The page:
Friday, 30 March 2018

Poor Leaders Don't Want to be Challenged...Do You?

It is very difficult to challenge your leader successfully and regularly. Let's be honest, you are never going to agree with 100% of the decisions your leader makes. When you disagree you have the choice - say nothing and nod your head, or challenge. If you have some great ideas to put forward, if you want to challenge the leader, then the question is how to get comfortable enough to speak your mind without damaging your career. 
I believe that poor leaders don't want to be challenged by their employees – and can’t handle being wrong - that good leaders want to be challenged, whilst great leaderscreate a culture where they encourage and promote people to challenge one another.
Kelly Services MD & Country General Manager Penny O'Reilly recently posted an article commenting that leaders are so regularly surrounded by “yes” people. These are the people that always provide the response the leader wants to hear and then always follow instruction without question. If you are a “Yes” person, you may not be stepping on anyone’s toes, however you will never rise to the challenge and grow towards driving an even better outcome either.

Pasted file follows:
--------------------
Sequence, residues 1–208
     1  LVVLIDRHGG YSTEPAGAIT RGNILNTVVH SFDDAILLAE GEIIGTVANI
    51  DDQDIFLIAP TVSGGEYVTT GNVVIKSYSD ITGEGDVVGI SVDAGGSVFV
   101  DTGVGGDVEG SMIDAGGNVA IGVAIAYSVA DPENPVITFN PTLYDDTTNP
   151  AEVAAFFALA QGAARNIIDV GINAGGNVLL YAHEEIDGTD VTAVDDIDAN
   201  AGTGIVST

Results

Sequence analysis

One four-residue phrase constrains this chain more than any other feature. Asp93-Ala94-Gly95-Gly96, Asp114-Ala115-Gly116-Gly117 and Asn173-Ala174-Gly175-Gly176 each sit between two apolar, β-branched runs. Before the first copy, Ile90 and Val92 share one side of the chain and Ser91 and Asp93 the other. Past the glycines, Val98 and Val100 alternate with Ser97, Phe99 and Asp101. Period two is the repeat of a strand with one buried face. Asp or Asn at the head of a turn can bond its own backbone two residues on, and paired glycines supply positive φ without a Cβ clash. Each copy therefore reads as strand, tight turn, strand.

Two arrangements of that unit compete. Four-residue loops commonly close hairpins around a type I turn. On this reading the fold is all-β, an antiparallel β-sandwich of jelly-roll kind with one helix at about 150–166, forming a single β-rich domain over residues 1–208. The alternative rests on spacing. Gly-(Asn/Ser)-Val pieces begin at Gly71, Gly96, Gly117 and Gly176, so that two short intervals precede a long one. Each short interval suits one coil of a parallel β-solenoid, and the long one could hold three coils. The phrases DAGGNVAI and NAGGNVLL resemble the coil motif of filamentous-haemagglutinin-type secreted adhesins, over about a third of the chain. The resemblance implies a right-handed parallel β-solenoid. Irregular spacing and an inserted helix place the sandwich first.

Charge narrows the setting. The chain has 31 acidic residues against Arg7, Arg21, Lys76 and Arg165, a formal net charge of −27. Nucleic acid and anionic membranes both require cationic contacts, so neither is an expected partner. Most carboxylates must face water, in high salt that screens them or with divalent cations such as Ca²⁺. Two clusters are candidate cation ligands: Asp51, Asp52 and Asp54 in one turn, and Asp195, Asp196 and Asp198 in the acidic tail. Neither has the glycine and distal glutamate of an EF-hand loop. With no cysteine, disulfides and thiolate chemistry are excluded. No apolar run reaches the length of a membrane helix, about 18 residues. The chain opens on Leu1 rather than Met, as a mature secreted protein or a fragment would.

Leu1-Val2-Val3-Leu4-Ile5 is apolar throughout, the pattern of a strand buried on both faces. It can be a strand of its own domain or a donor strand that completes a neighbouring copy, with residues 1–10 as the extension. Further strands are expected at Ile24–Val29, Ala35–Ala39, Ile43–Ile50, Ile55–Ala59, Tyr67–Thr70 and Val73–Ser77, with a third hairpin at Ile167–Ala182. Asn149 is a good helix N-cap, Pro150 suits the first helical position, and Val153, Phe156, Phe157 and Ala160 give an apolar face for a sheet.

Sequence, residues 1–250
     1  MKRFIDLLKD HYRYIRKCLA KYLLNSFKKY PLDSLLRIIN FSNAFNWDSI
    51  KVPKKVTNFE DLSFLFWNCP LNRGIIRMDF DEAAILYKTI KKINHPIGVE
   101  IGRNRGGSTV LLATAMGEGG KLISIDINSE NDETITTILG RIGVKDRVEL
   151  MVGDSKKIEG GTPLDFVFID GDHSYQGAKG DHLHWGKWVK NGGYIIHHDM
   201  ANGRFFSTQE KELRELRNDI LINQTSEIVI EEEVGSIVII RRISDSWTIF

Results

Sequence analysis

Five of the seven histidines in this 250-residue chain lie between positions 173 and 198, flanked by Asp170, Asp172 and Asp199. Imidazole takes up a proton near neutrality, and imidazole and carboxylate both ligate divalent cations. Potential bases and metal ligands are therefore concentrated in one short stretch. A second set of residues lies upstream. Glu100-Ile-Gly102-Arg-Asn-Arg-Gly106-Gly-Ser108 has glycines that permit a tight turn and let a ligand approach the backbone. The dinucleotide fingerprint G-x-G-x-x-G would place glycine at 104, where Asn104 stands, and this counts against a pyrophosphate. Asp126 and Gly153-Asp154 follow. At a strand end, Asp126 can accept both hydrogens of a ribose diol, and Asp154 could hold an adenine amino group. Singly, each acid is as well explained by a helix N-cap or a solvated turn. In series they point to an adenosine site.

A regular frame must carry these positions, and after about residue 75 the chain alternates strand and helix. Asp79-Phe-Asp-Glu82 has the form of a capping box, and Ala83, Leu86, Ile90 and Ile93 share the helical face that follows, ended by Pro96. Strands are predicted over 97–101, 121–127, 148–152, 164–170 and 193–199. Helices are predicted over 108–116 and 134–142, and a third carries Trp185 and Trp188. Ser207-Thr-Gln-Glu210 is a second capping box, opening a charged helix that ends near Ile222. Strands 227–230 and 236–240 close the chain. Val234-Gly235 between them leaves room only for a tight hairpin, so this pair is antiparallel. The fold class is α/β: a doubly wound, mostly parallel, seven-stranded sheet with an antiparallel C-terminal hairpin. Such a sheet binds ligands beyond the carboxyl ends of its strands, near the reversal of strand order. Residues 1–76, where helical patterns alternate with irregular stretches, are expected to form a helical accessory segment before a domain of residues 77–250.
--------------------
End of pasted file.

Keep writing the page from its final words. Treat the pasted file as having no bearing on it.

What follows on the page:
So how do you challenge your leader in a smart and effective manner?
Right forum, right circumstances and the right way.
Most organisation have a multiple layers of leadership. For example, I've got leaders who report into me, I have a leader, my leader has her own leader and so on. I agree with Penny's article that leaders need some “challengers” around them because they are the ones that drive improvement in you personally and in the business you are responsible for.